Canadian Biomass Magazine

All Fired Up With Biomass

December 1, 2010
By Stefanie Wallace

Kruger Products is showing off a new system that’s allowing it to replace natural gas with biomass energy.

Kruger Products is showing off a new system that’s allowing it to replace natural gas with biomass energy. In late September 2010, approximately 50 representatives from the forest products and pulp and paper industries attended a demonstration of the new technology at Kruger Products’ paper mill in New Westminster, British Columbia. The demo, hosted by FPInnovations, showed participants a direct-fired biomass gasification system that’s producing 40,000 pounds/hour of process steam for the mill.

The Nexterra system at the Kruger Products tissue mill is the first commercial installation of this direct-fired biomass gasification system.   Photos: Nexterra


In this system, synthetic gas, or syngas, is used directly in the boiler in place of natural gas. Adding heat to woody biomass releases the energy into a gaseous form called syngas. The syngas is burned in a pre-ignition chamber and direct-fired into the boiler. Nexterra installed the gasification system, which was first fired up in December 2009, according to Frank Van Biesen, vice-president of technology for Kruger Products and sponsor of the project. “We started it roughly a year prior to that. We had a timeline that said we would be starting up in the first week of December of 2009 and we never missed a beat there,” he says.

Once installed, the gasification system went through the normal commissioning process. “There’s been some optimization and commissioning to make it a better performing system, but for the most part, it turned on and met the output capacity,” says Darcy Quinn, manager of marketing and business development for Nexterra. “One of the major advantages of doing this is the significantly lower emissions, which suits the environment,” says Quinn.

Van Biesen says that Kruger Products chose Nexterra for the project based on its technology. The proven emission reductions were helpful in getting the project underway, he says, noting, “A permit for burning things besides natural gas isn’t easy to get, especially in an urban centre.” According to Van Biesen, the emissions will be recorded and reported by Kruger Products as required on an ongoing basis.

Kruger, Nexterra, and FPInnovations formed a consortium to build the system, which is the first commercial demonstration of Nexterra’s direct-fired gasification solution. “FPInnovations’ interest in it was to have the ability to demonstrate and showcase it to the rest of the industry, to see whether or not it could provide similar benefits to other parts of the forest products or paper industry,” says Van Biesen. The multi-million dollar project received funding from Natural Resources Canada, the British Columbia Innovative Clean Energy Fund, and Western Economic Diversification Canada. “There was a bit of a consortium of financial support there, which helped. But at the end of the day it was still largely our investment,” he notes.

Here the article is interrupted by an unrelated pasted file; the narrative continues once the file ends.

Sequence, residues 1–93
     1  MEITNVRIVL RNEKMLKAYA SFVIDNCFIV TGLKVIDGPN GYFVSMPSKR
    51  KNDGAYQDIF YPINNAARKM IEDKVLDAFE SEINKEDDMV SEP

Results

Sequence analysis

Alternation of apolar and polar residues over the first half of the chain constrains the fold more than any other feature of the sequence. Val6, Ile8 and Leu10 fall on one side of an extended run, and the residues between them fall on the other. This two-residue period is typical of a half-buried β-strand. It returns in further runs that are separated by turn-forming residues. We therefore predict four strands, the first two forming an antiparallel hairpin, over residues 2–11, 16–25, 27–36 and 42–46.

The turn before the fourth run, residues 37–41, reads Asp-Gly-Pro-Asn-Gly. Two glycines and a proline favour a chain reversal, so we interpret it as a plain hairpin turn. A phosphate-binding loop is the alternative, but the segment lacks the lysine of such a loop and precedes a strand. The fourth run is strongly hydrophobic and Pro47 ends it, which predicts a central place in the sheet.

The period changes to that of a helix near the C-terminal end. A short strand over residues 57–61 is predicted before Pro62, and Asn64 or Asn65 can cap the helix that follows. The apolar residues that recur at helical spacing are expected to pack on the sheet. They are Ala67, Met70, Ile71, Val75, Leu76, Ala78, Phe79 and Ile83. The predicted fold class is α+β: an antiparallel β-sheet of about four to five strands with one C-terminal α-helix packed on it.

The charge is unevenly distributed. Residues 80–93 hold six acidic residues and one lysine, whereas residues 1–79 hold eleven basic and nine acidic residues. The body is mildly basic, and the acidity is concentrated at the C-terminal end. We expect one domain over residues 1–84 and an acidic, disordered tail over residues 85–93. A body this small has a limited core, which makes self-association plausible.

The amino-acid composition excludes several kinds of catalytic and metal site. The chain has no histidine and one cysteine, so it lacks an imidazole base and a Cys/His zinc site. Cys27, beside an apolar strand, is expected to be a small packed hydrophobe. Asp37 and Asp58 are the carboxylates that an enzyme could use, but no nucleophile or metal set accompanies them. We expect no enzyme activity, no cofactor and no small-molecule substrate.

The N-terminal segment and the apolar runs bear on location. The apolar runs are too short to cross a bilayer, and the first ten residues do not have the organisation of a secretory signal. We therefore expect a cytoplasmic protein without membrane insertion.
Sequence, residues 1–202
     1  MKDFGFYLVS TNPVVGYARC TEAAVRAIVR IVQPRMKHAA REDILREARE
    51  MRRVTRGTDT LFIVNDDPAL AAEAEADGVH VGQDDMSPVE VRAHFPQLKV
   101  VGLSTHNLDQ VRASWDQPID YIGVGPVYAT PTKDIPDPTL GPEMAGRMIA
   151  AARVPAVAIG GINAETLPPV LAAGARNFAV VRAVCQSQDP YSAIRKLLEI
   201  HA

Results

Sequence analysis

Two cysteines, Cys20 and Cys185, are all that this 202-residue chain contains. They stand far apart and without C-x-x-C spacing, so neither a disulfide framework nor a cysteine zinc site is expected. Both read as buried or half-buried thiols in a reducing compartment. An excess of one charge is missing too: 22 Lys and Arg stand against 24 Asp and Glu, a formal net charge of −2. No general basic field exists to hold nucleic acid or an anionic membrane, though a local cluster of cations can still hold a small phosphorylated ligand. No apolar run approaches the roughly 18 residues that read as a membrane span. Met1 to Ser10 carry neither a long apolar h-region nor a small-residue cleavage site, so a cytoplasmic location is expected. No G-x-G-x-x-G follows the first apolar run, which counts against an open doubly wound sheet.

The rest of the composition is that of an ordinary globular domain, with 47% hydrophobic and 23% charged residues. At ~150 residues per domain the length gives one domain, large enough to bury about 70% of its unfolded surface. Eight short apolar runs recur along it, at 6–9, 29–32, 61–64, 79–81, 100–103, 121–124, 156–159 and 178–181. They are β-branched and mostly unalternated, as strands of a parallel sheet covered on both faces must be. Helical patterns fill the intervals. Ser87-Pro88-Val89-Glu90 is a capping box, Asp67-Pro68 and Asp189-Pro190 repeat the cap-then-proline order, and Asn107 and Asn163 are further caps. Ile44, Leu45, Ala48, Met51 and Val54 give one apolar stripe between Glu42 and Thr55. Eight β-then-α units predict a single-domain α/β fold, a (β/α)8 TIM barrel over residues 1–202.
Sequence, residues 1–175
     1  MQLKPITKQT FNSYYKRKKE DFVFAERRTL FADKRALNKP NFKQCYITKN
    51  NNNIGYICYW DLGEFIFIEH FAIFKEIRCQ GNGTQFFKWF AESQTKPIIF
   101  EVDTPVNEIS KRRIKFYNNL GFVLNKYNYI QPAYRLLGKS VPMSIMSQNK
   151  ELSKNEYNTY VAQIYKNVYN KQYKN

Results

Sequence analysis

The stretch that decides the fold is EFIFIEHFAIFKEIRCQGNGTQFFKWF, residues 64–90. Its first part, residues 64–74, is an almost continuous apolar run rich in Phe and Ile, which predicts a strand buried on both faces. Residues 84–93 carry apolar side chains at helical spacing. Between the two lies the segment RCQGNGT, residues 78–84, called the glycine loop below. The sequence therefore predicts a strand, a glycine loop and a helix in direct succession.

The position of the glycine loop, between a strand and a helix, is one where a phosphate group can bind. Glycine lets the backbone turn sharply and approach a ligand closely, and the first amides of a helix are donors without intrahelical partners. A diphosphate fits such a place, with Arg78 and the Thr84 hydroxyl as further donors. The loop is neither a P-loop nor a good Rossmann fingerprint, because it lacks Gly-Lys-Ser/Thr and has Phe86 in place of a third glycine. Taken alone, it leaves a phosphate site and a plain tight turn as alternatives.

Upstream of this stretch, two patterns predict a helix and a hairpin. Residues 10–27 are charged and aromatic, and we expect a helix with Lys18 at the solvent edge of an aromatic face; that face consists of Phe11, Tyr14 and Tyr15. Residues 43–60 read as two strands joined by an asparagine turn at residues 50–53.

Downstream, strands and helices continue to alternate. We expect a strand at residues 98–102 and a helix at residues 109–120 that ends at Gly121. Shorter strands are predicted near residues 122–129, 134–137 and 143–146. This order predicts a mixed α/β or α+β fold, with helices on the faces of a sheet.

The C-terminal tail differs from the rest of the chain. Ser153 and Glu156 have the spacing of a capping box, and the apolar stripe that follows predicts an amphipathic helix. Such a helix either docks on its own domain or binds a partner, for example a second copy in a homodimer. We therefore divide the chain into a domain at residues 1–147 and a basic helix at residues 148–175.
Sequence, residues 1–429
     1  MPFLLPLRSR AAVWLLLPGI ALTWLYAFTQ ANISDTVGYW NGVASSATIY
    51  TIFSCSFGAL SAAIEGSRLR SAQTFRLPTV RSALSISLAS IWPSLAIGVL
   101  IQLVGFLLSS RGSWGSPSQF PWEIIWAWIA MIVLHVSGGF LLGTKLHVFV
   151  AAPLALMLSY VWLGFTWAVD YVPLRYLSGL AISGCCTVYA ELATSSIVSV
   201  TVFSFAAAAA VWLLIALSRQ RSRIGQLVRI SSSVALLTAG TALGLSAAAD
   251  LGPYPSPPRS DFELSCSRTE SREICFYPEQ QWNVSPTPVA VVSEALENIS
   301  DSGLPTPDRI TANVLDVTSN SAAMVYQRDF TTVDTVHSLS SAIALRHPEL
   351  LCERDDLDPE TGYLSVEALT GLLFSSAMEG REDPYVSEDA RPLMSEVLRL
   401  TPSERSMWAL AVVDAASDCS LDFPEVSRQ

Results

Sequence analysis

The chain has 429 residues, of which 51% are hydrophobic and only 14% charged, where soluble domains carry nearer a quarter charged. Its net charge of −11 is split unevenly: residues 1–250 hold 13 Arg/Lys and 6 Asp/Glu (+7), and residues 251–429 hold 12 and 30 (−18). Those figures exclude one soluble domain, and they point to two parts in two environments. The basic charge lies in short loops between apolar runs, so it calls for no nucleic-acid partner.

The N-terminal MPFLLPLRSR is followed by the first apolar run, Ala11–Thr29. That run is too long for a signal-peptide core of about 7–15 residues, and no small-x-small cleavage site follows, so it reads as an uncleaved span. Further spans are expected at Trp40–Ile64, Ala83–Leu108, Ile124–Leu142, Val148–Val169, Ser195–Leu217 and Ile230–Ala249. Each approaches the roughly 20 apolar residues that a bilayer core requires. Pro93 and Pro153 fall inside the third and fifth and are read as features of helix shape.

Rick Scammell, utilities manager for Kruger Products, explains the biomass gasification system installed at Kruger to tour participants. 


Incorporating the gasification system was part of a long-term goal to reduce the company’s environmental footprint. With this project, the company is targeting the reduction of fossil energy consumption and greenhouse gas emissions. Locally sourced wood waste and residues will be replacing about 445,000 GJ/year of natural gas, reducing greenhouse gas emissions by more than 22,000 tonnes/year.

“It’s part of a larger strategy called Sustainability 2015,” says Van Biesen. “We’re looking to improve on a number of fronts, including energy usage, solid waste management, and water consumption. This particular case is a fossil fuel reduction project. We just so happened to have Nexterra, a technology development company that’s based in British Columbia, who has something that is interesting from a biomass standpoint.

It just seemed to be a perfect fit for our New Westminster operation, where we use quite a bit of steam for drying in the paper-making process.” He adds that Kruger Products has already reduced greenhouse gas emissions at the mill by nearly 40%.

The application of the direct-fired boiler technology has already received a Canadian Institute of Technology Award in British Columbia and a British Columbia Technology Industry Association award, says Van Biesen. The project is also short listed for a Green Energy and Biofuels Award from Pulp and Paper International, and a Platts Global Energy Award for green energy initiative of the year, he adds.

Looking ahead, Van Biesen suspects that Kruger may be adding similar biomass projects in the future. “It depends on the site,” he says. “The Westminster system is not a cookie-cutter thing we can put

“The key thing about biomass projects is you need the fuel. Wherever there is an opportunity to secure that type of material within a reasonable footprint—we don’t want to be trucking it from miles away—we’ll be looking at it for sure,” Van Biesen says. “In the case of the New Westminster plant, there’s a possibility to expand the system we put in by another 50%, which we’re looking at today.”

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